Not being able to touch is sometimes as interesting as being able to touch. – Andy Goldsworthy
Within the first hour of our first trip to The Museum of New Zealand Te Papa Tongarewa, my youngest son spiked a fever. It was one of the moments as a parent when I felt exasperated. Lunch was packed for seven, we met my sister and my 2-year-old nephew, we circled for parking for 30 minutes, took everyone to the bathroom, and made sure the kids were snacked and ready. As we approached level one, the first signs of fever set in. Within the hour we were home with the picnic untouched, and my son was in bed. My daughter then shared her wisdom by pronouncing; “Don’t worry. We can go back every day if we want to. The museum lady said we could come and go as we please.”
My daughter was right, of course. Te Papa offers free museum admission to everyone, every day. The magnificent building, its prominent location on the Wellington waterfront, and the walls teeming with educational, interactive, and vibrant exhibits, humble even the well-traveled museum-goer. Yesterday we returned to Te Papa with a clean bill of health for the remarkable Dreamworks Exhibit (since this was not a permanent exhibition there was a nominal fee). As our children wandered through the world of animation from idea creation, through storyboards, to musical scores, they were mesmerized. The exhibit culminated with a session using specialized Digitalfish animation software to create their own movie segment!
As we picnicked on the wharf after our day, we marveled at the things the world has offered us for free. Some of our favorites we have visited recently:
- The British Museum (make sure to ask for the scavenger hunt for kids at the family desk)
- All Ireland and UK National Museums are free (We especially loved The National Science Museum)
- The Dead Zoo (a branch of the Natural History Museum) in Dublin, Ireland
- Picasso Museum in Barcelona, Spain (free after 5 PM and has Sunday is free once a month)
- The Prado Museum in Madrid (free 6-8 PM every day)
- The first Sunday of each month the Louvre in Paris is free to everyone all day from October-March. Under 18 is always free!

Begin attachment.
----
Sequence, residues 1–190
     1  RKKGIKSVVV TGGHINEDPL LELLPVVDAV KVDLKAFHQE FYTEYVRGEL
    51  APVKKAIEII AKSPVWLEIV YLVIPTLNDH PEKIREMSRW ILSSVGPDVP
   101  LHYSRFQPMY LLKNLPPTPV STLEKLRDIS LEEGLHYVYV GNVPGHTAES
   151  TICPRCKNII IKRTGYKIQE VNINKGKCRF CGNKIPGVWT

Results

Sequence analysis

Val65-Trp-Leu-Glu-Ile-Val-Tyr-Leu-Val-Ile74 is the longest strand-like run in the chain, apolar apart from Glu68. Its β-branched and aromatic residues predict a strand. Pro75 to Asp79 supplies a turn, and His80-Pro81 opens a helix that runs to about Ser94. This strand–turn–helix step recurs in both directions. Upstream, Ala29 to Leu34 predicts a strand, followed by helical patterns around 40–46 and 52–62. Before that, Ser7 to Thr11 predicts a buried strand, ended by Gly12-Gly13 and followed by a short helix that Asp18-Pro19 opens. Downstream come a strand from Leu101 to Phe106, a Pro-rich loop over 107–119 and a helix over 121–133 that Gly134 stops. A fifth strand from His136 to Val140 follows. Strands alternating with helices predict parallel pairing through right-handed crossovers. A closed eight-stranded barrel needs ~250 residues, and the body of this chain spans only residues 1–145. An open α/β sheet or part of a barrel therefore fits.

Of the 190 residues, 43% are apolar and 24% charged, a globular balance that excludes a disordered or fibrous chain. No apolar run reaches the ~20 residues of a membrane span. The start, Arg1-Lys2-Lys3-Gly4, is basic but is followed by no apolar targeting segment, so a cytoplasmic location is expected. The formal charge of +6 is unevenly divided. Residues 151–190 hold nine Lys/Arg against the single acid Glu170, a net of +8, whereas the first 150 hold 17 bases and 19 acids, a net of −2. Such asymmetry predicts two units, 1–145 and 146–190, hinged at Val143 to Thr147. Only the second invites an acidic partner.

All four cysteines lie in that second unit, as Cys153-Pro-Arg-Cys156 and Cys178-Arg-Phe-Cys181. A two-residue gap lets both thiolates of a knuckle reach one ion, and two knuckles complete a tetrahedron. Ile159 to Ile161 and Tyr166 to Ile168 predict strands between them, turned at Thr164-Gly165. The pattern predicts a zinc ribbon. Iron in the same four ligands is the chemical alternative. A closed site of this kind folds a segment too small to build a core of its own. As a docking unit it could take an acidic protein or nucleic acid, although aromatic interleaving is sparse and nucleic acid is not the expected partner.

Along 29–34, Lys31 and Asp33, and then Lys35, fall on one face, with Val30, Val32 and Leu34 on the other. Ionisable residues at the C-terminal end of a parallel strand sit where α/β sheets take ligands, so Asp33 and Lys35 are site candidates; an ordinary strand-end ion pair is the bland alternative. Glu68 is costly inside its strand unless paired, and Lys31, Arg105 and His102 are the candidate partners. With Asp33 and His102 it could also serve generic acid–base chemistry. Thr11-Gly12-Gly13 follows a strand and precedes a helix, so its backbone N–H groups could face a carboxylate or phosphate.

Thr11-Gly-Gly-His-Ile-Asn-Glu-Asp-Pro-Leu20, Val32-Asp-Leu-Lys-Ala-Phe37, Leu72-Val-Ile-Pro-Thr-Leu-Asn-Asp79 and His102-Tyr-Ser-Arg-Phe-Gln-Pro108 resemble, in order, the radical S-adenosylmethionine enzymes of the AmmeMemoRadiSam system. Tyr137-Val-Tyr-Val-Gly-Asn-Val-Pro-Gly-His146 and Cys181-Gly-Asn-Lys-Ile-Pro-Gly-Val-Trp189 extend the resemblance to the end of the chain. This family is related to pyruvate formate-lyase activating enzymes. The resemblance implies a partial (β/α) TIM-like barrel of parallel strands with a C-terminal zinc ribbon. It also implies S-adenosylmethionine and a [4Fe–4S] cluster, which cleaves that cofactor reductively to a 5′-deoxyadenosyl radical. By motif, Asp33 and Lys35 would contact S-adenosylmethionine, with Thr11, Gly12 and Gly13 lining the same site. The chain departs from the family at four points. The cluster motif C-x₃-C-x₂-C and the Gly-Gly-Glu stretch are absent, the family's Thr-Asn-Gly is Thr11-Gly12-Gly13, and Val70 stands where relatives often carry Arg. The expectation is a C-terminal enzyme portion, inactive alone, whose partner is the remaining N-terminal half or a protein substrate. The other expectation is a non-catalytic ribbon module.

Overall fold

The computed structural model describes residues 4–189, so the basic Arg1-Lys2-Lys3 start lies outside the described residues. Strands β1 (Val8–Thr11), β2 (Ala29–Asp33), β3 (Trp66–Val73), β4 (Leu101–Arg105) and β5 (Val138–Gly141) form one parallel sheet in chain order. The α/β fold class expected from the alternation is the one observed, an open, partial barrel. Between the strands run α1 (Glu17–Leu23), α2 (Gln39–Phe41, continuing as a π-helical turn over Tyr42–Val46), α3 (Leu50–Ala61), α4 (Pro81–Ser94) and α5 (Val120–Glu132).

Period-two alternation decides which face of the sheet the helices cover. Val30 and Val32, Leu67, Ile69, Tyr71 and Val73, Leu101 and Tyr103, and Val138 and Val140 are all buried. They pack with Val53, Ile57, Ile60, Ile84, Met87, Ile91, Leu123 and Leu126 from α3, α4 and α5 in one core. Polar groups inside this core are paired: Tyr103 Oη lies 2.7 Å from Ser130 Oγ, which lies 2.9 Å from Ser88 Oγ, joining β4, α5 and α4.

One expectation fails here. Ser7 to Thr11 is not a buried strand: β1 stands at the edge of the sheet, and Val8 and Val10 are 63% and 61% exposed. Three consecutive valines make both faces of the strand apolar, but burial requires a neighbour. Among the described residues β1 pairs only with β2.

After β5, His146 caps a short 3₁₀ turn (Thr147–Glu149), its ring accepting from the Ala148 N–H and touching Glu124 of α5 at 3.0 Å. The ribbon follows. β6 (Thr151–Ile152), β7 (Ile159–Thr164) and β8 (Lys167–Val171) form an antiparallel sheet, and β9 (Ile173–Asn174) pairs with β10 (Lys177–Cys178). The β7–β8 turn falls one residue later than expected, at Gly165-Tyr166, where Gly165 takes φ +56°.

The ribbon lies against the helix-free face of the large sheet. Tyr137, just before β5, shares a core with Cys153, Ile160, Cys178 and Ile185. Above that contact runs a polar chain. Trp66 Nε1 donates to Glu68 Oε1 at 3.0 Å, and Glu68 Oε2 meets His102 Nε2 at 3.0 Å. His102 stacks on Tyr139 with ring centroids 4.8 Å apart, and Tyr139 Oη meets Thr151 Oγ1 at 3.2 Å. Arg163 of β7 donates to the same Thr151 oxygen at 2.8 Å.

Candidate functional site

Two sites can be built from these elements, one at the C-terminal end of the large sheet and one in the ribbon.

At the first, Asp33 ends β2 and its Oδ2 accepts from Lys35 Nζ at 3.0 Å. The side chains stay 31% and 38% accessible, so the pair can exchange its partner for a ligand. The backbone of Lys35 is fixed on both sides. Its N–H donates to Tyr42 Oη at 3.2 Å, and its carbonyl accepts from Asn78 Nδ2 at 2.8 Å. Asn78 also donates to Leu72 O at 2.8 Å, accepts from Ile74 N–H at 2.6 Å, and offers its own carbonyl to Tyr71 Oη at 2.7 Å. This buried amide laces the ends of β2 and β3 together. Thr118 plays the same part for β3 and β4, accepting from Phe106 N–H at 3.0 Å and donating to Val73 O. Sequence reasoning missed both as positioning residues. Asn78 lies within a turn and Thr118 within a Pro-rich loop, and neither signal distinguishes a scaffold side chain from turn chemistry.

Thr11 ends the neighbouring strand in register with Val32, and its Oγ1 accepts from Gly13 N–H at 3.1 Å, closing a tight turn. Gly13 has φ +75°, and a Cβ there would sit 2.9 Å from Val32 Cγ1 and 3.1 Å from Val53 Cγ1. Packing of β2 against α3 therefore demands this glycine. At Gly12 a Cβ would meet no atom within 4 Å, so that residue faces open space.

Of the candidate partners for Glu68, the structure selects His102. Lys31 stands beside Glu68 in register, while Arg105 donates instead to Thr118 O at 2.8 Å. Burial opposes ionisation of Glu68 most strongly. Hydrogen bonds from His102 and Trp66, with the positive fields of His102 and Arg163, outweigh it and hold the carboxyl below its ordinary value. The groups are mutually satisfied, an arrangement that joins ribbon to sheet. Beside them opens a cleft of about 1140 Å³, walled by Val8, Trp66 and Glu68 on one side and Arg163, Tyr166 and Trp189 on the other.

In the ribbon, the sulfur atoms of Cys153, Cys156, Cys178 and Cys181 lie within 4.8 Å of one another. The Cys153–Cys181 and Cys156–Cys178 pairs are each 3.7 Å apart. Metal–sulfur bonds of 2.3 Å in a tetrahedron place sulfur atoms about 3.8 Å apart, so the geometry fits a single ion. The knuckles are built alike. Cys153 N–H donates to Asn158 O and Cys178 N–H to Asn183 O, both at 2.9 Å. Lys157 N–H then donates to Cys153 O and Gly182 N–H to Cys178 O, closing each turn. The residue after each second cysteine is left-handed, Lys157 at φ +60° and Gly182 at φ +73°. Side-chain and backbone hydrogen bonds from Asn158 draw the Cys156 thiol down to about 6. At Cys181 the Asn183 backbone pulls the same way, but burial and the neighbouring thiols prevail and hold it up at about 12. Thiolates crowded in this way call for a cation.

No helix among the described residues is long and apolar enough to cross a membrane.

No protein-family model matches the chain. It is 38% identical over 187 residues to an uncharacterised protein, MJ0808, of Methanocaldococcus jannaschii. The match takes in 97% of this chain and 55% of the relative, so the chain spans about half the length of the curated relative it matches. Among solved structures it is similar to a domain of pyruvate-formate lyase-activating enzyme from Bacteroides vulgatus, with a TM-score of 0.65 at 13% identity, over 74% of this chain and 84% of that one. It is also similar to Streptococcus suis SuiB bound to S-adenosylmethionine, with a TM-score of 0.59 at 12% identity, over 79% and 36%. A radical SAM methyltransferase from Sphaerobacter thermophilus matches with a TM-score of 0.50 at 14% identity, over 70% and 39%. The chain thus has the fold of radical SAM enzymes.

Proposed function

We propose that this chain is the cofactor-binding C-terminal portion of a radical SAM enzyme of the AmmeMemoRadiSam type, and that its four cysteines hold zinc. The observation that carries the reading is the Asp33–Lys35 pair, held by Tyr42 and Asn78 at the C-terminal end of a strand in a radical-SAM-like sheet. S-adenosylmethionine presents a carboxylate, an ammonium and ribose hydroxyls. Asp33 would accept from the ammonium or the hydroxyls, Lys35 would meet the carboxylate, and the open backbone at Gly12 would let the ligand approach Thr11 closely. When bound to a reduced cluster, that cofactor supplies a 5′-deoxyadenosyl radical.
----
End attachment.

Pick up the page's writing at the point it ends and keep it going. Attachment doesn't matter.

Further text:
- On the first Sunday of every month, all state-run museums in Italy are free. That means the Uffizi and Accademia!
There are too many to list and this is just the tip of the iceberg. There are countless small-town museums we have visited that operates on donations only. I wrote articles dedicated to the educational resources available for free at the USA National Parks and Historic Sites.
Because we are on an open-ended journey, with three children who are world schooled, the free days give us, well, freedom. It does not mean we don’t invest in private tours at times, or book guides to lead us through overwhelming landscapes, as we did at the Vatican, and again at the Louvre, by booking a Paris Muse tour. We also regularly pay for special exhibitions or drop money in donation boxes as a way to support many of these remarkable institutions.
Museums are one of the magical places that have become points of connection and creativity for our family. Our kids often talk about the soup at the Rodin Sculpture Park Cafe or the time they were inspired to sketch in the lobby of the Musee d’Orsay because the light was so brilliant. They remember to hide and seek in the Louvre Sculpture Garden and leaping the fountain in front of the British Museum.
The free entrance fee for us means we can linger, return, picnic, draw, contemplate, question and tarry … but not always touch.
Today’s Tweetable: Free museums are magical places we connect and create as a family.